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Theres a war brewing I can feel it!

Old school coders are used to having every server control create events in the .cs files.. for example.. Getting the Initial load of data, Saving Data, Deleting data... and then binding datasources to the server control..

New school coders want to do it in Jquery + AJAX calls to .svc files... That gives automatic no post backs so that is a advantage... and I think its a different way of thinking.. All of a sudden the UI related events are all being done in Jquery..

What is the most modern and efficient way to go ? How can I convince the old school coders to let us you this new paradigm ? (assuming it is the better way)

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Go with the most readable solution. The world will thank you. –  Chris Shouts May 3 '10 at 21:01

3 Answers 3

up vote 3 down vote accepted

I would say that ASP.NET MVC and the adoption of jQuery is a response to criticism levelled at the ASP.NET webforms + MSAJAX stack.

Webforms was conceived to try bring drag drop control development to the web in the same way applications were built using Visual Basic, ActiveX and COM. Its created a terribly complex and inefficient way of creating web applications.

Although webforms will be around for a while, MVC + jQuery is the way to go, or even dropping ASP.NET on the server side altogether and just using something like extjs/jqueryUI and WCF web services.

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So are you saying the way I am thinking about how to use ajax + jquery is really sort of what MVC is about ? So I should take this apporach and use MVC? and if Im sticking with webforms do the classic way of calling code behind events ? –  punkouter May 3 '10 at 20:59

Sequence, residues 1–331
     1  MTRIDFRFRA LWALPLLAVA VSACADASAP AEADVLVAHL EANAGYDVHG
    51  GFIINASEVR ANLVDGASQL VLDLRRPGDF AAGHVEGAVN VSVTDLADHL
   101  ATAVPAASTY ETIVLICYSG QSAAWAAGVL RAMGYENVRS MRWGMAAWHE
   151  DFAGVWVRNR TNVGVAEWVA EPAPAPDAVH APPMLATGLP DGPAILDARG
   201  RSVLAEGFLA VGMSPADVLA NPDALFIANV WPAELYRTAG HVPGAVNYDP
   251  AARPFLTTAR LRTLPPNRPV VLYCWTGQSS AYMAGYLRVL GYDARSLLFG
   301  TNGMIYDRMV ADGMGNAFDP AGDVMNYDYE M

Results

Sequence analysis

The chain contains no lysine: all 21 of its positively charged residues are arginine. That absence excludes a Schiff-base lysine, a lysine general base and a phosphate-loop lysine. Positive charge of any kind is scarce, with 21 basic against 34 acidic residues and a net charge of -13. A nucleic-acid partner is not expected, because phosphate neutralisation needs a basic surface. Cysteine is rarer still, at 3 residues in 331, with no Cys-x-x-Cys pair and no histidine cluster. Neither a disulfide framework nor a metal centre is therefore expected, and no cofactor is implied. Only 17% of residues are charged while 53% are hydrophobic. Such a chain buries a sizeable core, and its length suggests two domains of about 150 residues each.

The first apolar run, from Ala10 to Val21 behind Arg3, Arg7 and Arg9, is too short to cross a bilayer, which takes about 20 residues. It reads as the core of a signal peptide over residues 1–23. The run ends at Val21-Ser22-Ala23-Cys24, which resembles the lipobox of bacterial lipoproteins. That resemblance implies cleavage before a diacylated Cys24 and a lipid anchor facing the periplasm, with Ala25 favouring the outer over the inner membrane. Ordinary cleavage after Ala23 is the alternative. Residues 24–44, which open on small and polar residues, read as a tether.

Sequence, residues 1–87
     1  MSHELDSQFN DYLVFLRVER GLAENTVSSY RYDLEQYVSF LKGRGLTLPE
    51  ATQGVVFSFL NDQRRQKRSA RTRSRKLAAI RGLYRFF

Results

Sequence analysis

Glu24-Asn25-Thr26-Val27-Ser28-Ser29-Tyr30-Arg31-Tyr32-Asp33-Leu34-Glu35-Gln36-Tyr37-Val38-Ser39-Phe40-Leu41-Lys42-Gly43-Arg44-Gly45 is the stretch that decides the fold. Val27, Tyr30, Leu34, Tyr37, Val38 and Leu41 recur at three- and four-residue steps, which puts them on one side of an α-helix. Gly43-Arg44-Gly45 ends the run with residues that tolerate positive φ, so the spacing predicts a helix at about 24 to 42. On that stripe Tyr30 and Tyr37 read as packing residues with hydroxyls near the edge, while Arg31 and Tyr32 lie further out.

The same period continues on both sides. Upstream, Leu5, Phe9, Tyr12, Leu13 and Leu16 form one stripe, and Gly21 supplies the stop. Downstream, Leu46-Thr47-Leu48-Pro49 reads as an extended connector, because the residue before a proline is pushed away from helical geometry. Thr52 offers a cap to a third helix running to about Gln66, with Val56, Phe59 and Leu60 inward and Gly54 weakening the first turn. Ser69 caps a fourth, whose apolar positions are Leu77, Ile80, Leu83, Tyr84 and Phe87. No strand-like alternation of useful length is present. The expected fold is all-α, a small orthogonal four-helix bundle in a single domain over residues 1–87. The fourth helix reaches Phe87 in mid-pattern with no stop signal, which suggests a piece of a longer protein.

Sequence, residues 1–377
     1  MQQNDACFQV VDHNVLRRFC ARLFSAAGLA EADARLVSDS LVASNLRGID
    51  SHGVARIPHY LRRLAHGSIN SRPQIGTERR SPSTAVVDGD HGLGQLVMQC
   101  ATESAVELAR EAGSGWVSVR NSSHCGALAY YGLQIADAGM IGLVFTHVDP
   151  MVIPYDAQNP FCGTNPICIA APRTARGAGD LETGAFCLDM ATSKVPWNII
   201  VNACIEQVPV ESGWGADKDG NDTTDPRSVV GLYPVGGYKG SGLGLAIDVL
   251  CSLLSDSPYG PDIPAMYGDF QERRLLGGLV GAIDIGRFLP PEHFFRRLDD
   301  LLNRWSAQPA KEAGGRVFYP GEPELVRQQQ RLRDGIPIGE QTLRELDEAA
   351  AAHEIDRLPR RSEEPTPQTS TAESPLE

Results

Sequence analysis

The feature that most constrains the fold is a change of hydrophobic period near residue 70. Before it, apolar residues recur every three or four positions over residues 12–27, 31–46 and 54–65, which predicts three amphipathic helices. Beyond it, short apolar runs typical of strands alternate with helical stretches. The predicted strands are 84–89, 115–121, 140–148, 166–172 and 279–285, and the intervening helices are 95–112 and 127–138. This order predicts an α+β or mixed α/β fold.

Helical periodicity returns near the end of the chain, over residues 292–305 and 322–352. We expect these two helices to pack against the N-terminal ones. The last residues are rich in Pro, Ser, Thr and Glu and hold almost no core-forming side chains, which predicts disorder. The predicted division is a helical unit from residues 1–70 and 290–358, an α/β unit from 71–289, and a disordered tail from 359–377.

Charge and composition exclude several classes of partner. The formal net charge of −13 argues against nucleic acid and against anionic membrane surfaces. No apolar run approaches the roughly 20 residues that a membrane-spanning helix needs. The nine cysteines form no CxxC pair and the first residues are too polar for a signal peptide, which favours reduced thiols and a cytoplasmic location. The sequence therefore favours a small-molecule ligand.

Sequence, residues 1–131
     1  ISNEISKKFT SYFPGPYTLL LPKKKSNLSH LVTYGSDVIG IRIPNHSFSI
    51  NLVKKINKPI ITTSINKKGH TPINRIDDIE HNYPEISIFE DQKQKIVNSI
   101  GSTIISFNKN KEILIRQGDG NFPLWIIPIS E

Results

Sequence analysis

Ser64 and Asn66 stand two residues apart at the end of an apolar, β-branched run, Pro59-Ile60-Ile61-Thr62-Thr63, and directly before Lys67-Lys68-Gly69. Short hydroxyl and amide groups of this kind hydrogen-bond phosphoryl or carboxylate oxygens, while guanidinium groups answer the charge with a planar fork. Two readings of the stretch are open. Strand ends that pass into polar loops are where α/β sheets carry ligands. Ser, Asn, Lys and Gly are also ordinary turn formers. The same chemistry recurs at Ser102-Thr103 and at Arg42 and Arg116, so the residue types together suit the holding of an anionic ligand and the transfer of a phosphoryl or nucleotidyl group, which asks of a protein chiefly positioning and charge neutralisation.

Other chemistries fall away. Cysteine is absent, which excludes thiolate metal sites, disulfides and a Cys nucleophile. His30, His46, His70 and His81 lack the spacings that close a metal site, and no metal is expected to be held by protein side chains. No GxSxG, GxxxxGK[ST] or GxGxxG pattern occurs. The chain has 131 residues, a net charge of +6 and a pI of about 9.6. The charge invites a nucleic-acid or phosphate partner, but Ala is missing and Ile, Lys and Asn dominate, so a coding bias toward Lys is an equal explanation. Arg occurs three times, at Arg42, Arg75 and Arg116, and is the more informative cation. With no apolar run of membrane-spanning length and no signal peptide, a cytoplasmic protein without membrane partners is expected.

Pretty much. MVC is for people who know and understand how to write HTML, javascript and CSS. If you understand the Model View Controller pattern its a bonus but its not a must have. If you've used jQuery with webforms and been frustrated, you'll love it with MVC. Having said that, if you can do it with webforms, theres nothing wrong with that, as long as you keep your viewstate size under control, and use update panels efficiently. –  James Westgate May 3 '10 at 21:24
I think what is happening is I am seeing people do all the UI event handling in jquery and I figure ok.. thats less code behind to deal with.. and then I wonder why have any code behind for aspx files? So it looks like I am getting in the mind set now that will make MVC something to consider... the point of webforms was to take advantage of the events of server controls and if i don't take advanttage of that then no sense using webforms. –  punkouter May 3 '10 at 21:33

It's not a question about old or new. I was using server calls from the client before AJAX and even XmlHttpRequest existed.

It's a matter of what's better suited to do the task. Sometimes you want a server call without reloading the page, sometimes you want to reload the page.

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Both can do the job. I think as far as old school guys they are worried it ultimatly will make the jquery code too complex for the other .NET coders. For example, If I have a grid with data that I want to save/delete/add on the page then I think it is easier with code behind and serializing the data to a ViewState and handling it in .net. With Jquery I am concerned maybe that gets more complex to handle. –  punkouter May 3 '10 at 20:49

One of the reasons is better using Jquery+AJAX is that you're sending and receiving just the data you need instead of the full postback data travelling to the server and back.

Another reason is esthetic because there is no refreshing on the page, so you have a better user experience.

In the company I used to work, the did some testings on the efficiency between ASP.NET and MVC .NET (for example). I can't send you the graphs and so, but there was an advantage in the use of bandwidth.

I hope it helps

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In this case the data load isnt important... So I could just put a Updatepanel around everything.. For us its more about what creates cleaner code/less code/more maintainable code..(see above example) I like the idea of doing all the UI in jquery and make .net code for services BLL/DAL.. seems like a clean seperation to me –  punkouter May 3 '10 at 20:51

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